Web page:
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To celebrate the 25th anniversary of Sir Patrick's DSO catalogue, I've added the available Caldwells to my basic Marathon search sequence.
Those interested may be pleasantly surprised by how many of the additional treasures are only a short hop from a given (or en route to the next) Messier.
The sequence for 40°N can be found at the SEDS Messier Marathon homepage or at my blog.
The latest edition of the Binocular Sky Newsletter is ready. As well as the usual overview of DSOs, variable and double stars, this month we have:
* Asteroid occultation of a bright star
* Neptune appulse with bright star
* Vesta getting easier
* Three Mira stars near maximum
This should be enough to keep you gainfully occupied with your binoculars or small telescope. To pick up your free copy, just head over to http://binocularsky.com and click on the Newsletter tab, where you can subscribe (also free, of course) to have it emailed each month, and get archived copies.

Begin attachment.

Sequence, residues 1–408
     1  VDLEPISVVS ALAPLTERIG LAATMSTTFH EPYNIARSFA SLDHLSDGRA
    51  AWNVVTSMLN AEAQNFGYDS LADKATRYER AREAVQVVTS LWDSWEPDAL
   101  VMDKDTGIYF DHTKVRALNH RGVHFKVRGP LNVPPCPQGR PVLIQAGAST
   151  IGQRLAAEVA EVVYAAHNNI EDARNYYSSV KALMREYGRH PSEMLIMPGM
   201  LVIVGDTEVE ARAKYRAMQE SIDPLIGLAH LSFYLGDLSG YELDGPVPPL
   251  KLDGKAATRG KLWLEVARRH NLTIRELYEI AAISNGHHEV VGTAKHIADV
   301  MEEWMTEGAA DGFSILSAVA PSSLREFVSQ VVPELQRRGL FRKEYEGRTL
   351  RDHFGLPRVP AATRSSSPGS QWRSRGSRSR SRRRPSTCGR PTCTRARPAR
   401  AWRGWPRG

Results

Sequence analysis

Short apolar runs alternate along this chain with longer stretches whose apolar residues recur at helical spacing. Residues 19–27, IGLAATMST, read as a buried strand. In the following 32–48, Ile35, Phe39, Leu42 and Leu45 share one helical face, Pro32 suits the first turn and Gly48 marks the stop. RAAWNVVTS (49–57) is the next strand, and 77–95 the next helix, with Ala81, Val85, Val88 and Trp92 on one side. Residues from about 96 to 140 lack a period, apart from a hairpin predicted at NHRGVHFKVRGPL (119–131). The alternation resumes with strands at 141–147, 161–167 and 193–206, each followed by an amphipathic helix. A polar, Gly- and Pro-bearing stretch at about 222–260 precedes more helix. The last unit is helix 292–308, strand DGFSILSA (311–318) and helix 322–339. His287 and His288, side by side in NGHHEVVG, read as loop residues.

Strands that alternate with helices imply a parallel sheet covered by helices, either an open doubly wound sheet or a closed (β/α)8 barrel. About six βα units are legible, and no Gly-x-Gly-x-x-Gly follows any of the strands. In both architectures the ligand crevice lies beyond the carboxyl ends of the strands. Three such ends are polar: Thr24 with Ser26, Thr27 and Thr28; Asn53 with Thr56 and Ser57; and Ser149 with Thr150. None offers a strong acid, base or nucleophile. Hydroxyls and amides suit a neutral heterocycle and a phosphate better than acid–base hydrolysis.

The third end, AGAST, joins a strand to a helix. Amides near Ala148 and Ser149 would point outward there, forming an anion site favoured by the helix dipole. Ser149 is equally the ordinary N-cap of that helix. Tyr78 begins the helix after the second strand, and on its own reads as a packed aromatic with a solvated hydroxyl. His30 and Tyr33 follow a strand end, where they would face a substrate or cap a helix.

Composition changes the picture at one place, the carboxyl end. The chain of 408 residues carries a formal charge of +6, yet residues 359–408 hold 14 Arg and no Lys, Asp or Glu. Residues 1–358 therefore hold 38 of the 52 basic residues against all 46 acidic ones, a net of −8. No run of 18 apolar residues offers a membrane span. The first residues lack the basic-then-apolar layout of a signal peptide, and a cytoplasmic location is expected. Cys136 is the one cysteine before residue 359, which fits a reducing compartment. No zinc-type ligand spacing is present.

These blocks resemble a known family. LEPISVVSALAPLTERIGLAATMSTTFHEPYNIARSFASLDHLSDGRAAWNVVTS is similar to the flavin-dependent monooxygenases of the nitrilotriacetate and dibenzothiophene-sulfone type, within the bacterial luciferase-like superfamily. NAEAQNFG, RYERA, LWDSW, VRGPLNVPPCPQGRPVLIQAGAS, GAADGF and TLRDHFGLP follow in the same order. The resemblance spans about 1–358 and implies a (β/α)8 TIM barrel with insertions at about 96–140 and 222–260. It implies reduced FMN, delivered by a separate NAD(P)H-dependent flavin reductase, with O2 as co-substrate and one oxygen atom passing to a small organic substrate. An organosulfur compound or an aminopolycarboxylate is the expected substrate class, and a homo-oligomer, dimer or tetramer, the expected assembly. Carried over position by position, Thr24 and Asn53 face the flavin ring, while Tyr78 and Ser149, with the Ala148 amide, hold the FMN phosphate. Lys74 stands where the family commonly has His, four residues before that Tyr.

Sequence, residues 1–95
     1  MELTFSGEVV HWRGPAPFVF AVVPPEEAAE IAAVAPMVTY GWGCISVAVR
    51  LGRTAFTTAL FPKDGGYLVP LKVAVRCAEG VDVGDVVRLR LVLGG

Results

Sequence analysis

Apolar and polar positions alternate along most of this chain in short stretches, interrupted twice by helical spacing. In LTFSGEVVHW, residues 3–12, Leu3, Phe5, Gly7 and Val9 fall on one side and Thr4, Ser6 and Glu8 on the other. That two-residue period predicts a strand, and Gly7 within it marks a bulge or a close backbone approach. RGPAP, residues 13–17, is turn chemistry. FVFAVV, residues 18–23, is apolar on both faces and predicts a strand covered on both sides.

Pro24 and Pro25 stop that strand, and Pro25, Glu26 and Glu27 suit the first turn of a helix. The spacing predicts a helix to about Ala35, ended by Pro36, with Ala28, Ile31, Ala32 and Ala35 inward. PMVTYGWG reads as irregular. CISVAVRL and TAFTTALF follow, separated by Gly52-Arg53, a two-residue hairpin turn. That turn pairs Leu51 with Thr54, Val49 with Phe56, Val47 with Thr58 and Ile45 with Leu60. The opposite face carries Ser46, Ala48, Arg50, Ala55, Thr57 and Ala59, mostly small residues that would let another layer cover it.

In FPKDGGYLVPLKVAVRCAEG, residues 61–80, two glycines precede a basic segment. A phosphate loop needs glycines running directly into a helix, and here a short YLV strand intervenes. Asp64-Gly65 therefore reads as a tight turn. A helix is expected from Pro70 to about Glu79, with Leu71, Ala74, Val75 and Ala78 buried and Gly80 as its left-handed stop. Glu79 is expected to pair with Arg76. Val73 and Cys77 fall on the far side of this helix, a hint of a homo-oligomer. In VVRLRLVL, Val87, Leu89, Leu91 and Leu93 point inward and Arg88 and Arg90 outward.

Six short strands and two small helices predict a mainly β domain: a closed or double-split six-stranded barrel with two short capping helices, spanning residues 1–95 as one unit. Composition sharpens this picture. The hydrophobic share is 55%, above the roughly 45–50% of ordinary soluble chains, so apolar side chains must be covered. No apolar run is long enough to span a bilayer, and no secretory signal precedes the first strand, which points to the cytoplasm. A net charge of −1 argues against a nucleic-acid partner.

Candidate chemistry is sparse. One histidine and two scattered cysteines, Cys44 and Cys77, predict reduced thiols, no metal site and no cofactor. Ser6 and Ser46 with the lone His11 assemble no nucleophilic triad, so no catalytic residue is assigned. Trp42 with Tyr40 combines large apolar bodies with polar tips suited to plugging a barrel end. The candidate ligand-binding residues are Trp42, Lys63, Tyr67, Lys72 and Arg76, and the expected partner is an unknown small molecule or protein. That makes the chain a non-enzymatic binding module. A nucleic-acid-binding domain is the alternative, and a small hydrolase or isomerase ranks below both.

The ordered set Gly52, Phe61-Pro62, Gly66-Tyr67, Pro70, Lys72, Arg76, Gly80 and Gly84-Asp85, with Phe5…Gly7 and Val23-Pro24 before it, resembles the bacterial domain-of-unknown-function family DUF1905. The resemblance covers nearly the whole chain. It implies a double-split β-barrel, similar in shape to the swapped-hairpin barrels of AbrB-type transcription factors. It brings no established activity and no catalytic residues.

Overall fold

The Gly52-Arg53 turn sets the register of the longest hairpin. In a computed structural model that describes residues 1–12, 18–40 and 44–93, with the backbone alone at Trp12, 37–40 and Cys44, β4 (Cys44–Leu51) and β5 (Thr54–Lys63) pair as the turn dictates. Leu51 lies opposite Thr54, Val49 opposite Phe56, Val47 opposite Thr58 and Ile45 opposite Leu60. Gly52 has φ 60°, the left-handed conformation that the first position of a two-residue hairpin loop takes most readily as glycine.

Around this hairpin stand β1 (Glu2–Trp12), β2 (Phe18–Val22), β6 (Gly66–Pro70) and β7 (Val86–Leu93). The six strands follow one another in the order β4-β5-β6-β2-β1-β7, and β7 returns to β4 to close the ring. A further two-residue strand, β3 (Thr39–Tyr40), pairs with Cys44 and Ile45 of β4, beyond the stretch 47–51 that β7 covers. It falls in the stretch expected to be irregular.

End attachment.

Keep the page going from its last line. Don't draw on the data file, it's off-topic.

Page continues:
The August edition of the Binocular Sky Newsletter is ready. As well as the usual overview of DSOs, variable and double stars, this month we have:
* A grazing occultation of a bright star
* Moon occulting stars in the Hyades
* See both ice giants as well as Vesta
* Review of the Celestron EclipSmart 10x25 solar binocular
I hope it helps you to get the best out of these late summer nights with your binoculars or small telescopes.
To pick up your free copy, just head over to http://binocularsky.com and click on the Newsletter tab. You can also subscribe (also free) and have it emailed each month.
Warning: Do not attempt to observe the Sun with any optical system that is not specifically designed for the purpose.
I've decided to stay in the house tonight with the anticipation of some clear skies later on, and to hopefully get the chance of splitting a few double stars - something that I've never done before. After a while looking through some charts at my desk with a rather nice glass of red, I've come to the conclusion that Cygnus and the Northern Cross seem like a pretty good place to start.
My first port of call will definitely be Albireo at the foot of the Cross.. I'm excited about this one as it sounds like a beautiful view through a pair of binoculars, not to mention the easiest to find! I'll then move over to the Cygnus triple all being well and then the three doubles (Mu Cygni, 79 Cygni and 61 Cygni).
Now all that's left to do is await the darkness, and hope the clouds disappear!
Hope you're all having a great weekend.
Cheers, Mark 😁